Habitat prediction of fossil specimens varies according to the method and data set used (Fig. 7). The sabertooth/ dirk-tooth cats Para-machairodus orientalis and Smilodon populator

TABLE 6. Percentage of correctly classified cases after leave-one-out procedure, for 11 discriminant models based on subsample of large felids.

Habitat A Habitat B Habitat C Habitat D

Log (1)

Open 81.2 85.7 67.6 85.7

Mixed 91.7 90.5 97.5

Closed 95.5 72.7 61.4 80.8

Proximal log (1)

Open 75 71.4 73.5 78.6

Mixed 79.2 61.9 41.7

Closed 63.6 72.7 68.2 19.2

Distal log (1)

Open 75 78.6 n.s 74.3

Mixed 58.3 70.8 57.1

Closed 54.5 57.7 n.s 54.5

Figure 5. A, B, Box and whisker plots of percentage of correctly classified cases summarized in 40 LDA models. Central bar indicates the mean value, top and bottom of box indicate the 25% and 75% quartiles, whiskers indicate maximum and minimum values. C, D, UPGMA tree based on absolute differences in percentage of correctly classified cases. Cophenetic correlation is 0.8549 for data sets (C) and 0.9626 for methods (D). Abbreviations: DistalBig, data set of distal logged data for only big cats; DistalRatio, data set of distal ratios; DistalRaw, data set of distal logged data; ProximalBig, data set of proximal logged data for only big cats; ProxRatio, data set of proximal ratios; ProxRaw, data set of proximal logged data; Ratio, data set of ratios; Raw, data set of logged data; RawBig, data set of logged data for big cats only; Residual, data set ''size-free.'' Habitat definitions as in Figure 1.

are generally predicted to be adapted to Closed habitat. Dinofelis sp., on the other hand, exhibits a broader range of adaptations: depending on the analysis used, it is classified,

by similar proportions, as Open, Mixed, or Closed.

Because all fossil specimens are large felids, the models based on the big cats data set 1

Figure 6. Schematic representation of proximal and distal humerus epiphyses for three taxa that closely resemble in the discriminant function scores the centroid of each habitat categorization. Abbreviations: Sb_ML, subspino-sus scar mediolateral; H_H, head surface height; Dst_ML, distal epiphysis maximum ML; Cd_L3, trochlea superior-inferior minimum length.

(logged linear measurements) using habitat method A are, as expected, the most accurate for the complete specimens. With this classification scheme, both Paramachairodus orientalis and Smilodon populator are classified as Closed, and Dinofelis sp. (OLD 74/01) is classified as Mixed. For the analyses of proximal humerus we chose data set 1/ method A for big cats, which yielded the best rate of cross-validation accuracy (average 72.6 %) when compared with the other methods. Again, P. orientalis and S. populator are classified as Closed, and both Dinofelis sp. from Olduvai Bed I as Mixed. Data set 1/ method B (IUCN classification scheme) had the best rate of classification for the distal humerus of big cats (average 69.03%) and it validates adaptation to Closed habitat in P. orientalis and S. populator; both Dinofelis specimens from Bed I are classified as Open. The distal fragment Panthera sp. (M 20240) from Bed I is predicted as Closed whereas the two distal fragments of lions from Bed II and Bed V are predicted as Open. The fossil humeri of cats from Olduvai Gorge show the breadth of habitats present at Bed I relative to Bed II and Bed V (Upper Pleistocene).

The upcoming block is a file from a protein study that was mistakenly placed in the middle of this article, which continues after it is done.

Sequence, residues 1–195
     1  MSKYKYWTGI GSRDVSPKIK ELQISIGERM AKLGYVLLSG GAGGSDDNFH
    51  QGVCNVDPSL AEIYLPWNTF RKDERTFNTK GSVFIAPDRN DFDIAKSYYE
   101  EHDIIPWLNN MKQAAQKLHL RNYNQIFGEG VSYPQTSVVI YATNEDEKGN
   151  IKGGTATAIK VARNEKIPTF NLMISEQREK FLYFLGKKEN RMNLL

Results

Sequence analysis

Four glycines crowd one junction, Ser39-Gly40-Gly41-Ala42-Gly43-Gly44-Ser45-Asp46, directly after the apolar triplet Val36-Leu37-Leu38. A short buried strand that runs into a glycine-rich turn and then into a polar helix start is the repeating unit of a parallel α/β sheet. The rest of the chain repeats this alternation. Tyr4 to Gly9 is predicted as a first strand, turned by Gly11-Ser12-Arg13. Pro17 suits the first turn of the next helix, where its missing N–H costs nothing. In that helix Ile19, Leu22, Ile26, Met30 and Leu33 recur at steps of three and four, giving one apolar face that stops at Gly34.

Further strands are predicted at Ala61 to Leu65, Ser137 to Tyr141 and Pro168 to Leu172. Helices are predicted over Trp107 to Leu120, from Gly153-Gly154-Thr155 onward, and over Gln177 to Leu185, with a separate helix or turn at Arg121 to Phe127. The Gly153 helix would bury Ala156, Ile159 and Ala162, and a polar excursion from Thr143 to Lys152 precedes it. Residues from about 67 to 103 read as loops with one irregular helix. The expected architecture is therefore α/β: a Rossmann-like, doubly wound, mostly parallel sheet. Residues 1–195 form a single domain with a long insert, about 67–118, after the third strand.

Discussion

Our results clearly indicate that accurate information about habitat exploitation can be recovered from the felid humerus, notwith-

standing the cosmopolitan and eurybiomic nature of the family (Kitchener 1991; Turner and Anton 1997; Sunquist and Sunquist 2002; Kitchener et al. 2010). Single bones, even if fragmentary, can be ecologically informative. Previous work (Gonyea 1976; Anyonge 1996; Lewis 1997; Meloro 2011b) has demonstrated that comparative long bone indices, such as intermembral index, can be used to reconstruct habitat preference and locomotor strategy in a broad range of large carnivores. However, the probability of fossilization for mammalian carnivores is generally low (Dam-uth 1982) and even lower for particularly large felids (Gittleman and Harvey 1982; Gittleman 1985; Turner and Anton 1997), so few relatively complete and associated skeletons are recovered. Developing accurate models based on single bones and bone elements is thus important. The resubstitution rates for the felid humerus in this study are similar to those observed in discriminant analyses from other studies of large mammals, including bovids, suids, and primates (Kappelman et al. 1997; Bishop 1999; Elton 2001, 2002; DeGusta and Vrba 2003, 2005a,b; Kovarovic and Andrews 2007; Plummer et al. 2008). This indicates that carnivorans, important components of past and present biotas, can be as paleoecologically informative as their prey (Hernandez Fernandez 2001; Hernandez Fernandez and Pelae-Campomanes 2003; Hernandez Fernandez et al. 2006; Hernandez Fernandez and Vrba 2006).

One promising avenue of research seeks to combine ecomorphology-based reconstructions of past habitats for different mammalian groups likely to be sympatric and contemporaneous to construct a more holistic picture of the environmental context of ecological communities. This approach was recently used by Polly (2010), who examined calcaneum eco-morphology in different North American carnivoran communities and found strong correlations between community "ecometrics" and environmental variables. Taking this further, using multiple carnivorans and prey species from the same locality may provide a wealth of information about biome and paleoenvironments that cannot be recovered

Table 7. Percentage of correctly classified cases (numbers are in decimals, 1.00 = 100%) for each species based on a selection of LDA analyses performed on the whole humerus measurement data set. Meth = habitat categorization. All of the 100% correct cases are in bold.

Species Logged data Size-free data Ratios

Meth A Meth B Meth C Meth D Meth A Meth B Meth C Meth D Meth A Meth B Meth C Meth D